The Rise and Fall of the "Phantom of Belgrade", That Won the Hearts of 10,000 People

One August night, 43 years ago in Belgrade, a man became the local legend "The Phantom of Belgrade" after he stole a Porsche 911 S Targa and pulled a “Fast and Furious” around town. He even let the entire city know beforehand.
The Phantom of Belgrade 1979 14 photos
Photo: Screenshot from Kristian Kolima YouTube Channel
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Twenty-nine-year-old Vladimir “Vlada“ Vasiljevic was known for boosting cars like in “Gone in 60 Seconds”, starring Nicholas Cage. He used to love Opel cars so much that he got two nicknames because of it.

The first one was “Vlada Opel” and the second one “Vlada Kljuc.” The latter would translate to “Vlad the Key” because he could hotwire pretty much anything on wheels.

It so happens that one time, he saw a shiny white Porsche 911 Targa and thought he'd give that a try. Back in ‘79, in former Yugoslavia (now Serbia), cars were a rare breed as a means of personal transportation. Let alone an extremely expensive Porsche. That’s most probably why he boosted it. The car belonged to famous Serbian tennis player Ivko Plecevic, who won it in Berlin during a tournament.

Although it's unclear exactly from what year that Porsche 911 Targa was, the 930 Porsche came with at least 150 ponies from its flat-six 2.7L engine. Even if it was the slowest version, it could still get a 0-62 mph (0-100 kph) run in 6.5 seconds. Mind you, in those times, even the Corvette C3 Silver Anniversary Edition was slower.

All-in-all, I doubt anyone could tell the difference from behind the wheel between the two, given that the Vette did the 0-60 mph( 0-97 kph) in 6.8 seconds. That being said, the 911's top speed was 138 mph (222 km/h). And in '79, at night, the streets weren't exactly like New York traffic. Our guy was going fast, no doubt about that.

So every night after 10 p.m., “The Phantom of Belgrade” raced the Porsche for 10 days straight. Or so the story goes, because others claim it was more like six or seven days. No matter the case, the MO was always the same.

He would call local radio stations before taking to the streets and tell them when and where they could find him. You can imagine that the news spread like wildfire. Everyone and their mother came to see him “perform.” That meant the cops as well. He even taunted and made fun of them with his style of driving and by always getting away.

In fact, eyewitnesses claim that the police were the ones that nicknamed him “Phantom” on account of him appearing out of nowhere and racing them till he disappeared again into the night.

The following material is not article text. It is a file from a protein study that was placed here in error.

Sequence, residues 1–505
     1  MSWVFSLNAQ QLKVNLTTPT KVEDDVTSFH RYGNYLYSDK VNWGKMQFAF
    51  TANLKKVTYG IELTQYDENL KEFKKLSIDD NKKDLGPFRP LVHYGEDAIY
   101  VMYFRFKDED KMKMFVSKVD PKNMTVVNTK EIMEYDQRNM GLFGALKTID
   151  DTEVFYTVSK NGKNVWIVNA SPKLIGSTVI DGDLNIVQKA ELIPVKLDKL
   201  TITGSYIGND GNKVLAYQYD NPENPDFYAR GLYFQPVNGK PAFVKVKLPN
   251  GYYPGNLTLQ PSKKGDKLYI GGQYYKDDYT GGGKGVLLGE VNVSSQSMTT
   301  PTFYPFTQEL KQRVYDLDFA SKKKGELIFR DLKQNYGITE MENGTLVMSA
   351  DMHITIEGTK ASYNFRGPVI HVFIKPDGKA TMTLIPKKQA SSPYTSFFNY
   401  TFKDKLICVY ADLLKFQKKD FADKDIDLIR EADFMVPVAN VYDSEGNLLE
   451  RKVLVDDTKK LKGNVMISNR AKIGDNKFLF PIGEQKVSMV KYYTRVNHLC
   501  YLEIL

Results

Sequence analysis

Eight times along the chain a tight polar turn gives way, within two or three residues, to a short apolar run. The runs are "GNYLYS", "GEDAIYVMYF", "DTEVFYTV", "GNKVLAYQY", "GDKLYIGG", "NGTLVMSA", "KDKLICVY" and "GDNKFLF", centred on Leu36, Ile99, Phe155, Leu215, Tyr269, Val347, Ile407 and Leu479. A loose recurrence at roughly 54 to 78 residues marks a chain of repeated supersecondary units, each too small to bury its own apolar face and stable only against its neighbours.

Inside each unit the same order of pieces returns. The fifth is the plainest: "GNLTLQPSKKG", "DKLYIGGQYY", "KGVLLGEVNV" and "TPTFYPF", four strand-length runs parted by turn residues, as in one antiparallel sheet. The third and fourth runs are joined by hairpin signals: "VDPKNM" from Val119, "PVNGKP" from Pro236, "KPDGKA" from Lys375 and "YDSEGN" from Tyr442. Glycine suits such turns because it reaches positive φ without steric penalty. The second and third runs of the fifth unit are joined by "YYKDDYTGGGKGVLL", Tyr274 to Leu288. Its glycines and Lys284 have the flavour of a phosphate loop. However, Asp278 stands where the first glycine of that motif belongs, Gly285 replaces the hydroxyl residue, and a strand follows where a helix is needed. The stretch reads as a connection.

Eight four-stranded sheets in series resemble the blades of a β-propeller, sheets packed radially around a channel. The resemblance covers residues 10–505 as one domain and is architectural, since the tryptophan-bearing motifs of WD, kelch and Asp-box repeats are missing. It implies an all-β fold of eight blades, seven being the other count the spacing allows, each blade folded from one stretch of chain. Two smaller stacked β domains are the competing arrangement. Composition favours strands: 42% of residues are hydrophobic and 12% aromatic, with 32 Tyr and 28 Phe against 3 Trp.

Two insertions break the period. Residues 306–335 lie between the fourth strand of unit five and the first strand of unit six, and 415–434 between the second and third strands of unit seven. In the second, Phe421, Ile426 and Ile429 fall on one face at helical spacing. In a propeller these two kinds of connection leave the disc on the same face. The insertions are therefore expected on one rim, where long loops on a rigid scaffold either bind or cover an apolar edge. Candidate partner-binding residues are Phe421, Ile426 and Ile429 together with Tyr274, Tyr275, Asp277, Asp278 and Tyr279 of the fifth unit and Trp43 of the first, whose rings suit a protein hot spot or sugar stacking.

The 10,000 people regarded him as a local hero, claiming his intentions were some sort of protest against “the Man.” This was never verified. As his fame grew among the local residents, so did his infamy with the local enforcement agencies. Thus, one night, they set up a trap for him, and it worked.

They formed a barricade using buses, and he crashed into one. Apparently unscathed, he got out of the car and made a run for it. He managed to blend into the crowd, and the police couldn't find him that night.

It was only two days later that the authorities received an anonymous call. That's how they managed to finally arrest the infamous “Phantom of Belgrade.” He was then sentenced to two and a half years in prison. After he did his time, at the age of 32, he was killed in a car accident alongside another person who accompanied him.

Now, whether you want to end this story with government conspiracy theories is completely up to you. But if you live in the United States, you might want to check your streaming services for the 2009 documentary. Maybe that will shed more light on the matter.

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About the author: Codrin Spiridon
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Codrin just loves American classics, from the 1940s and ‘50s, all the way to the muscle cars of the '60s and '70s. In his perfect world, we'll still see Hudsons and Road Runners roaming the streets for years to come (even in EV form, if that's what it takes to keep the aesthetic alive).
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